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Court rules on duty of care for healthy trees in residential areas

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The Indiana Court of Appeals has reiterated its stance that urban or residential area landowners have a duty to take reasonable precautions regarding their own trees, healthy or otherwise, and make sure they don’t harm a neighbor’s property based on the size and where they are planted.

A unanimous ruling today in Stephen M. Scheckel v. NLI, Inc., No. 02A04-1010-SC-645, reanalyzes an issue that the intermediate appellate court has dealt with regularly in past years and last addressed more than a year ago.

The root of the Allen County case is a dispute between property owner Stephen Scheckel and neighboring property owner NLI over damage caused by a tree. Scheckel lives next to a lot separated by a chain-link fence. A tree planted nearby grew into the fence and its roots grew under the sidewalk and damaged both the fence and pavement, leaving the fence gate unusable and the walkway cracked and buckled. The cost to remove the tree and repair the damage was $2,510, according to the court records. Scheckel complained to the property owner, NLI, about the damage, but NLI didn’t take any action and Scheckel filed a small claims complaint on negligence and nuisance theories.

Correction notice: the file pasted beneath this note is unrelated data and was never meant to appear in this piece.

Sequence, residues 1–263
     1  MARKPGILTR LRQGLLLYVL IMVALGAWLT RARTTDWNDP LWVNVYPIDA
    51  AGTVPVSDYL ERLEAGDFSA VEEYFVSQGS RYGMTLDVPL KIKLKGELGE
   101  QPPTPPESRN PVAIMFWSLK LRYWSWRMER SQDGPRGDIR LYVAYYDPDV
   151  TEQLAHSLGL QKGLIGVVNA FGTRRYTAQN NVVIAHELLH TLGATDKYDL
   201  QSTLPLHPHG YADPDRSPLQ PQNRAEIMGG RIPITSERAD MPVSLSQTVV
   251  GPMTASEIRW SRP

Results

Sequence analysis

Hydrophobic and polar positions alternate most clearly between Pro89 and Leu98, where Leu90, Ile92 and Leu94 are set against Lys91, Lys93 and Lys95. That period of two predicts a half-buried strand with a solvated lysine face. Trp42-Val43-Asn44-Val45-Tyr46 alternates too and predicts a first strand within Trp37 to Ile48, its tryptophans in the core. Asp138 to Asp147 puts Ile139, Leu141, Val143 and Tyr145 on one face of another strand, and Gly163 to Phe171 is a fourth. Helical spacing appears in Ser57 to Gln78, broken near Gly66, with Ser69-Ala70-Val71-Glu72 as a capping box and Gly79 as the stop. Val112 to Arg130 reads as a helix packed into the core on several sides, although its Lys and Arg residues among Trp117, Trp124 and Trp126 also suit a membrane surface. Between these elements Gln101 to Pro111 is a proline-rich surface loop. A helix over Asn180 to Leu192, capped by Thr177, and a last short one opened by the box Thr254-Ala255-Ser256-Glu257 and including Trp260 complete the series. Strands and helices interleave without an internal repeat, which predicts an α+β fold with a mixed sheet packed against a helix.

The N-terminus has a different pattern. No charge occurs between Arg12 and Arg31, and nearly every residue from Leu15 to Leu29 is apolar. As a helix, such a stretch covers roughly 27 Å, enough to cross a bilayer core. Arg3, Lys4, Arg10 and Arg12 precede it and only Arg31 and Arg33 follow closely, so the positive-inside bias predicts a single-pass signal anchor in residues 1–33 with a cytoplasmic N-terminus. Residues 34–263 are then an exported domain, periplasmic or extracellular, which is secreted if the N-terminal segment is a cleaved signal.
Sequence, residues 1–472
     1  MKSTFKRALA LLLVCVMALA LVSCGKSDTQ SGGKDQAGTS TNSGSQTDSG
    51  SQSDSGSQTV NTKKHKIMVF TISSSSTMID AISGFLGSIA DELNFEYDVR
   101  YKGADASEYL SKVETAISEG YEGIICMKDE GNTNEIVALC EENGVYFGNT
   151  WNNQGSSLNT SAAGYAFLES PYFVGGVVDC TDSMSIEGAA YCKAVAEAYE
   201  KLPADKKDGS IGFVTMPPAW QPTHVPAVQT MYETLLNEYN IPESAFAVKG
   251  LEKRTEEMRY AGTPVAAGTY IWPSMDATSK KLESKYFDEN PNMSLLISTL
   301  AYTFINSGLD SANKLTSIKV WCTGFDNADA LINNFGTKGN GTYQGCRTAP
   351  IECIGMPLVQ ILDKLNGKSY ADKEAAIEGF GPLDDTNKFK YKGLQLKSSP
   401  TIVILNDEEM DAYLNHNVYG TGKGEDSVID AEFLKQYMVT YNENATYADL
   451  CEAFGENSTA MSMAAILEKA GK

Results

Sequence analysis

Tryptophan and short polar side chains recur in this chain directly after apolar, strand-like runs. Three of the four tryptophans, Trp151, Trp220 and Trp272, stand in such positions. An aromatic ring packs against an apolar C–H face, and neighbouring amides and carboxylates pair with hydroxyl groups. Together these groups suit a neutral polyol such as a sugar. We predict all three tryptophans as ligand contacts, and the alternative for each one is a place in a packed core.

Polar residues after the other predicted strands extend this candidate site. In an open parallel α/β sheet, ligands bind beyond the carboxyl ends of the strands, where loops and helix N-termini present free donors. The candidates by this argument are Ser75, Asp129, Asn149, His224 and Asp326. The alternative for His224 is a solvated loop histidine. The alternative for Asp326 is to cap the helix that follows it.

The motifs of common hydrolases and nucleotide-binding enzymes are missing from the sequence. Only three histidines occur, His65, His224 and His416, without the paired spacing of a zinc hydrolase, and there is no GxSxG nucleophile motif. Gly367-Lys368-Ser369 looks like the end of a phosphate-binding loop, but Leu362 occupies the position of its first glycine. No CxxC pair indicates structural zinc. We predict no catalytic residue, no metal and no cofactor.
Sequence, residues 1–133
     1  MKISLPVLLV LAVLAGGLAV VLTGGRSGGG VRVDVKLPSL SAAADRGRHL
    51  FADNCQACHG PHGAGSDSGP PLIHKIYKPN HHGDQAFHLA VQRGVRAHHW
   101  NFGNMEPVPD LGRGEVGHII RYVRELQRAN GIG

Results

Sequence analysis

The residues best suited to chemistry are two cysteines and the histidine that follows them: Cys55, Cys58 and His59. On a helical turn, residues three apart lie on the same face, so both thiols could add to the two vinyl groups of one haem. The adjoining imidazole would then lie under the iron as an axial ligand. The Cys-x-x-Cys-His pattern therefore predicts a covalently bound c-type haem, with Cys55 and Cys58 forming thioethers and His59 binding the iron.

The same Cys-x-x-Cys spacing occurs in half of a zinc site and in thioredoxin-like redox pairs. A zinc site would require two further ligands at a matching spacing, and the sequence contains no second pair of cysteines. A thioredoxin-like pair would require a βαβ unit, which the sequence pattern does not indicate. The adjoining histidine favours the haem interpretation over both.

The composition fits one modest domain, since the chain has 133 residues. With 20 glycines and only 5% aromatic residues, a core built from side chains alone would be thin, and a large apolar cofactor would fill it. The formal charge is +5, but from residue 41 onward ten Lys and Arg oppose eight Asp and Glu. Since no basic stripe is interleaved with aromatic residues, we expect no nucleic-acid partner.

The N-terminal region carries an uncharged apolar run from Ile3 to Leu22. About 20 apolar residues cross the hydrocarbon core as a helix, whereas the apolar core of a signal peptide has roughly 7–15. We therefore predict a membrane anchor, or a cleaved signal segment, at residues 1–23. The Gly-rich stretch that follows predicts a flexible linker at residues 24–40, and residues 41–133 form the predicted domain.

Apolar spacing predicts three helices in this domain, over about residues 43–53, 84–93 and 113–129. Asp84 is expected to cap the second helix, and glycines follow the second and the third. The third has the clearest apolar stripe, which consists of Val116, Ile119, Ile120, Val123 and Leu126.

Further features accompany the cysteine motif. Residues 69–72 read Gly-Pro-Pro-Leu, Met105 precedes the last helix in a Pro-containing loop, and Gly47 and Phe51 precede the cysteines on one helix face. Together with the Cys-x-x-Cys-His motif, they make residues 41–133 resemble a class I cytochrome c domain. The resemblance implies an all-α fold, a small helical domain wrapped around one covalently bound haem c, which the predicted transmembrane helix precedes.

After a bench trial, the judge granted judgment in favor of NLI on the grounds that the size and placement of the tree caused the damage to the fence and walkway and the landowner isn’t liable for harm caused outside the land by a natural condition of the land.

But the trial judge erred in that decision, the appellate panel found, based on the evolution of natural conditions common law theory during the past 20 years.

Relying on its March 2010 ruling in Marshall v. Erie Ins. Exch., 923 N.E.2d 18,22 (Ind. Ct. App. 2010), the appeals judges focused on the exception to the natural condition rule created by the Indiana Supreme Court two decades ago. Agreeing with what other states have held, the Indiana panel in Marshall moved away from a strict application of the Restatement (Second) of Torts when it came to urban and residential properties.